Coding/Computer programming has been clashing with practice

wylo , modified 8 Years ago at 1/25/15 4:37 PM
Created 8 Years ago at 1/25/15 4:34 PM

Coding/Computer programming has been clashing with practice

Posts: 166 Join Date: 11/18/11 Recent Posts
Im wondering does anyone here have a software development job or does alot of computer programming in general?

I fell out of meditation practice for quite a while, and I am looking to build up my motivation to begin again, I have started small and going to work from there. The problem is it feels like my job clashes with ever being an excellent practitioner. 

When coding, especially in a work/pressured environment you get stuck in a series of problems, quite often you have to build an entire model in your head and hold that thought for quite some time while solving a smaller problem within that model/thought. In other words you have to be good at believing the content of your mind and getting lost in it.

There is also an incredible amount of mental activity when doing alot of coding, constant ideas, thoughts, motivations , puzzles in the head etc, and the more you get into it the less quiet your mind is. Almost like you spend the entire day trying to work in the opposite way that meditation has your mind work.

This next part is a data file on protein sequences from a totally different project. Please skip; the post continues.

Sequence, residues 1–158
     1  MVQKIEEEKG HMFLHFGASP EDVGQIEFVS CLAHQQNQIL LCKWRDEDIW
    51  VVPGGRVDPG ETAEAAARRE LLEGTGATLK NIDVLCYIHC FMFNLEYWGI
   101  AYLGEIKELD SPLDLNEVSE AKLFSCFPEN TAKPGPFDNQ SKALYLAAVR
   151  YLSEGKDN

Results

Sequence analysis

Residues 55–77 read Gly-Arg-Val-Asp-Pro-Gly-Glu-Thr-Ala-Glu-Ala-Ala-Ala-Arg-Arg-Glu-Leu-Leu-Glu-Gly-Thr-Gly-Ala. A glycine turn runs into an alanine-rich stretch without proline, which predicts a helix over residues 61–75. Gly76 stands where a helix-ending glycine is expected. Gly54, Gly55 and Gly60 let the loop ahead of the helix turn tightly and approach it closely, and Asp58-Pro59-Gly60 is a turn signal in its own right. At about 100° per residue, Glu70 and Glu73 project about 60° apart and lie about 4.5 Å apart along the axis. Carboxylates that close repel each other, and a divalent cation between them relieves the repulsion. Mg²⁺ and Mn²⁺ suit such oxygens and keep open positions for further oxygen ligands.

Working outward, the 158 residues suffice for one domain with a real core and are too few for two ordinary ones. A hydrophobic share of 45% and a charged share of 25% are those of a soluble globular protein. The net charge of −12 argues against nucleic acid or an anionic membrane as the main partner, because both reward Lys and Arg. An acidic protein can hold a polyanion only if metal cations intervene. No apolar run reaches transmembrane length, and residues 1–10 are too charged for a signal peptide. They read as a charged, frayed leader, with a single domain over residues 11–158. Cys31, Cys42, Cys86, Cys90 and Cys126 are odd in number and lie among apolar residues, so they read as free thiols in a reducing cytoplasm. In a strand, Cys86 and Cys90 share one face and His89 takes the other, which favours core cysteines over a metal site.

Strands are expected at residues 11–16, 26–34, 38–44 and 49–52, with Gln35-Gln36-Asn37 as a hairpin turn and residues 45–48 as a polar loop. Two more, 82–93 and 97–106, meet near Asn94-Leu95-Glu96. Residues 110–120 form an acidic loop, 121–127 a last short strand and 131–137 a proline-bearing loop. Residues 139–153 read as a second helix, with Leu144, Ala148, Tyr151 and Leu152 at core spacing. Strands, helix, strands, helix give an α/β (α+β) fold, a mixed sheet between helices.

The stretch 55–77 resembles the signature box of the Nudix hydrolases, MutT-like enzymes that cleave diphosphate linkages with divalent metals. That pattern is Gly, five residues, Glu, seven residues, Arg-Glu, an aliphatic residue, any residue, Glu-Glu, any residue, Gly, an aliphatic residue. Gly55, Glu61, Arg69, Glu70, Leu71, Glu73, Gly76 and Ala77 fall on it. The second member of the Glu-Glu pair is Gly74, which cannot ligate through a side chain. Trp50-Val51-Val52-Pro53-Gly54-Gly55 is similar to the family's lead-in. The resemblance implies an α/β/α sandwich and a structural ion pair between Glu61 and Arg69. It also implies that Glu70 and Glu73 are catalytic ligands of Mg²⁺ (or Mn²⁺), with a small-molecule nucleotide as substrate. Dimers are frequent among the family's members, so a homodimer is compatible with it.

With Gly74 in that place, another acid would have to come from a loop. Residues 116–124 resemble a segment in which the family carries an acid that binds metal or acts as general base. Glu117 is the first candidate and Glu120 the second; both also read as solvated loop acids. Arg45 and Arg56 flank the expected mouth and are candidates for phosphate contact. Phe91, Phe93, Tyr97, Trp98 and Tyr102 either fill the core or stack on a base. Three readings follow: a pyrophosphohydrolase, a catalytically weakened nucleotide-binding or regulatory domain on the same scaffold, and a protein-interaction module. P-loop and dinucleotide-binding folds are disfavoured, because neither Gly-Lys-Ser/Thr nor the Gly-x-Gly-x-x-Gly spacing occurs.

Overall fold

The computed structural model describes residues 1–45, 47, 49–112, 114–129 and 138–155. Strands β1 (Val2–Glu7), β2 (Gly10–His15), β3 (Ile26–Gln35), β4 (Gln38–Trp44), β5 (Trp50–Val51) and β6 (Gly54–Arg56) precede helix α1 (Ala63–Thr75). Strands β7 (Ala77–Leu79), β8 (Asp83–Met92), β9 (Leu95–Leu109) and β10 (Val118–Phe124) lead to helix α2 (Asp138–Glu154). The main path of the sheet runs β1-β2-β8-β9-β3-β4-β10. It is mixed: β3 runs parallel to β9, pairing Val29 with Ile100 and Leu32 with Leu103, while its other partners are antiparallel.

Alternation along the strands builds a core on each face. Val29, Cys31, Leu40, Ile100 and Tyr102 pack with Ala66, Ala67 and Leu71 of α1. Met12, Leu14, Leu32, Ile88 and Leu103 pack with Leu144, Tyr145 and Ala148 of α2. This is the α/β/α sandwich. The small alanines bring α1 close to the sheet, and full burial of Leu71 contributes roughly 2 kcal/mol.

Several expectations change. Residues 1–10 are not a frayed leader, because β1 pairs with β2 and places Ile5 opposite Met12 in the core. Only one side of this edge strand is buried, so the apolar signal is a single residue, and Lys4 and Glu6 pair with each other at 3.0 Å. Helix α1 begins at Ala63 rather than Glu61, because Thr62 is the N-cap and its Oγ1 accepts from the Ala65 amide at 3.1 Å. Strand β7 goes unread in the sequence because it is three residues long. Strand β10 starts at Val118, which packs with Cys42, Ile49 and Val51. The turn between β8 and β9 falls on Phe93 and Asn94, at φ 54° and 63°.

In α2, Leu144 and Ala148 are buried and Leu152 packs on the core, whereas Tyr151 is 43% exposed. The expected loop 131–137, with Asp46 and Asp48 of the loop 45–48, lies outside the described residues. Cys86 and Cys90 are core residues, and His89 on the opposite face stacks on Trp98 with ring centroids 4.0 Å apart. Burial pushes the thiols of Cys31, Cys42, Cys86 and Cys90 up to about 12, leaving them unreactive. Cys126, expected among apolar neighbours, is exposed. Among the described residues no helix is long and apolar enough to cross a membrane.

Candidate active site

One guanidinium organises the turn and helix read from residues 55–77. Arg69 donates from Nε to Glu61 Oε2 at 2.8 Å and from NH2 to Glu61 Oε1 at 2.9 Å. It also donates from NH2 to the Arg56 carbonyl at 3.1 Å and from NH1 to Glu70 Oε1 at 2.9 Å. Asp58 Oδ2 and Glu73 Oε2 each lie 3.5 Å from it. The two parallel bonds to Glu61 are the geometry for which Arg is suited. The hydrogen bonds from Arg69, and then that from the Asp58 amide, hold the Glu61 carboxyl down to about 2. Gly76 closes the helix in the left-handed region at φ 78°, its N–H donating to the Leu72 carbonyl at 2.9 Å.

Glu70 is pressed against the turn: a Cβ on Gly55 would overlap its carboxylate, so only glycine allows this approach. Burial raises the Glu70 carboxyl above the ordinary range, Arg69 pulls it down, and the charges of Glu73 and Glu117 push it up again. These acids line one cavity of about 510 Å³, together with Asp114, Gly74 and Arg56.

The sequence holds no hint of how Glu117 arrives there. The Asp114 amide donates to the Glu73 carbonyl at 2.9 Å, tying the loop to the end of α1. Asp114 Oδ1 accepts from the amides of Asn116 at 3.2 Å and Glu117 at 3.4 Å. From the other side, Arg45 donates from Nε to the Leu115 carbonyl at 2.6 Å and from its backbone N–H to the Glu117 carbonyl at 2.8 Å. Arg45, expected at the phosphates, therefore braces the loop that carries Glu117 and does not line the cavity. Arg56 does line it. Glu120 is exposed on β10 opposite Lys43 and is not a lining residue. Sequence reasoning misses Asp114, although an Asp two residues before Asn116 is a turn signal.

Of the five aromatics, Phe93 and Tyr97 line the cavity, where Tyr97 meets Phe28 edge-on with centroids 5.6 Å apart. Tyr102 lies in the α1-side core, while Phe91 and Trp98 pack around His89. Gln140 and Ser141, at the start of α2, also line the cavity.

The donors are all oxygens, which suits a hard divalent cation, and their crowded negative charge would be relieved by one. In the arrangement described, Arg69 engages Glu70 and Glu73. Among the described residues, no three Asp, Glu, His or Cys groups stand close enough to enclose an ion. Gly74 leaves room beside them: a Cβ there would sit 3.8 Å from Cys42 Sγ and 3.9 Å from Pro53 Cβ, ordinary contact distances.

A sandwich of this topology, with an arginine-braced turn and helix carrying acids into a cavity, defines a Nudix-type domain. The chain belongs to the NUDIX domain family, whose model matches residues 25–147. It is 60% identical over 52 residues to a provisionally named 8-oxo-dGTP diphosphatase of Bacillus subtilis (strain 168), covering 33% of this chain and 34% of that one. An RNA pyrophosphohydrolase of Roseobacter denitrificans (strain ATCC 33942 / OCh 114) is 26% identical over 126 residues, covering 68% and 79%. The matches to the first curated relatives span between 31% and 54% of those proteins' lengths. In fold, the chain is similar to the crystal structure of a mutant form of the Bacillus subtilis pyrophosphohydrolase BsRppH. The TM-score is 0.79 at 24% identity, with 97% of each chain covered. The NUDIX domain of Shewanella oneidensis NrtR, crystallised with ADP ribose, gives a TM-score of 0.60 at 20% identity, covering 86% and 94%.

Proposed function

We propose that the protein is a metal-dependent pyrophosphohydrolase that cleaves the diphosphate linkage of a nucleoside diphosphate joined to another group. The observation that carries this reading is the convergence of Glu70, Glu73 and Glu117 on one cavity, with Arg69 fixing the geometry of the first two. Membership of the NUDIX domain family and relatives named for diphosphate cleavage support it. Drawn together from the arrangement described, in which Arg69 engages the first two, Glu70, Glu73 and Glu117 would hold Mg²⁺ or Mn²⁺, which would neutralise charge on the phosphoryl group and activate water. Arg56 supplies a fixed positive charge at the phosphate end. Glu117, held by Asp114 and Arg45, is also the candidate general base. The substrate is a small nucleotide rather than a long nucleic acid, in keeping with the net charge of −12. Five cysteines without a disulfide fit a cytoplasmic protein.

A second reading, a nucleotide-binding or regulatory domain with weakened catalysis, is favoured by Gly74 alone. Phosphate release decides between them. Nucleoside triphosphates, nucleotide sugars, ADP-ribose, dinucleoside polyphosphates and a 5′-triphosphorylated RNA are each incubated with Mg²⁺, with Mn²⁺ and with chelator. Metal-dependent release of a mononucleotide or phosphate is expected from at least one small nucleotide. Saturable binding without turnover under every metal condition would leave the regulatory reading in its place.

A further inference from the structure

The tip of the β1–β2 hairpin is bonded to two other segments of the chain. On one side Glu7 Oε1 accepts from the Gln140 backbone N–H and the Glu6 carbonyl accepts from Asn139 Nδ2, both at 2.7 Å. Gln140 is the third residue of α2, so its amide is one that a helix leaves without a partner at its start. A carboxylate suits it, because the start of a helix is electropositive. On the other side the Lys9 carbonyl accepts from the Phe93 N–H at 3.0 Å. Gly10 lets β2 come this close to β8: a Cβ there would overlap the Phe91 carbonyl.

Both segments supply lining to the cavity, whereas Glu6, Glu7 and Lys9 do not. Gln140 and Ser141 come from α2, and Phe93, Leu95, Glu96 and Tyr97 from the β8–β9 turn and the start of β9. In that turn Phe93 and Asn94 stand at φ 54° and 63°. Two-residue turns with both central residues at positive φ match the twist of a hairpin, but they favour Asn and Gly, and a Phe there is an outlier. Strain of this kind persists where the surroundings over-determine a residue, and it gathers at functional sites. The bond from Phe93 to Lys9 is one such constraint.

This isnt an issue that arose over night, it took time for it develop, although it could be argued that part of that was that my interest in coding took a very strong lead over anything else for a while.

Can i ask is there anyone here in that line of work that practice too and consider themselves highly skilled practictioners?
Dave sdfsdf, modified 8 Years ago at 1/25/15 5:38 PM
Created 8 Years ago at 1/25/15 5:36 PM

RE: Coding/Computer programming has been clashing with practice

Posts: 216 Join Date: 11/4/14 Recent Posts
Im a coder and can relate. Not a skilled practioner. Ive gone into focusing on bodily awareess, yoga etc to break the habit of mental constructions. I model systems in the brain automatically, read tons of codes and creates abstract constructs etc, same with political, e onllic, religious systems, im an excellent system analyst and deconstructor.
In reggie rays touching enlightenment he writes that the usual suggestion on focusing on breath can have negative effect on progress for those that are very mind focused. It can reinforce the mental activities. He recommends body focus. In his course mahamudra for the modern world there is a focus on somatic practises. Breathing execercises, 10 point body awareness and what not.
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SeTyR ZeN, modified 8 Years ago at 1/25/15 8:51 PM
Created 8 Years ago at 1/25/15 8:51 PM

RE: Coding/Computer programming has been clashing with practice

Posts: 113 Join Date: 9/9/14 Recent Posts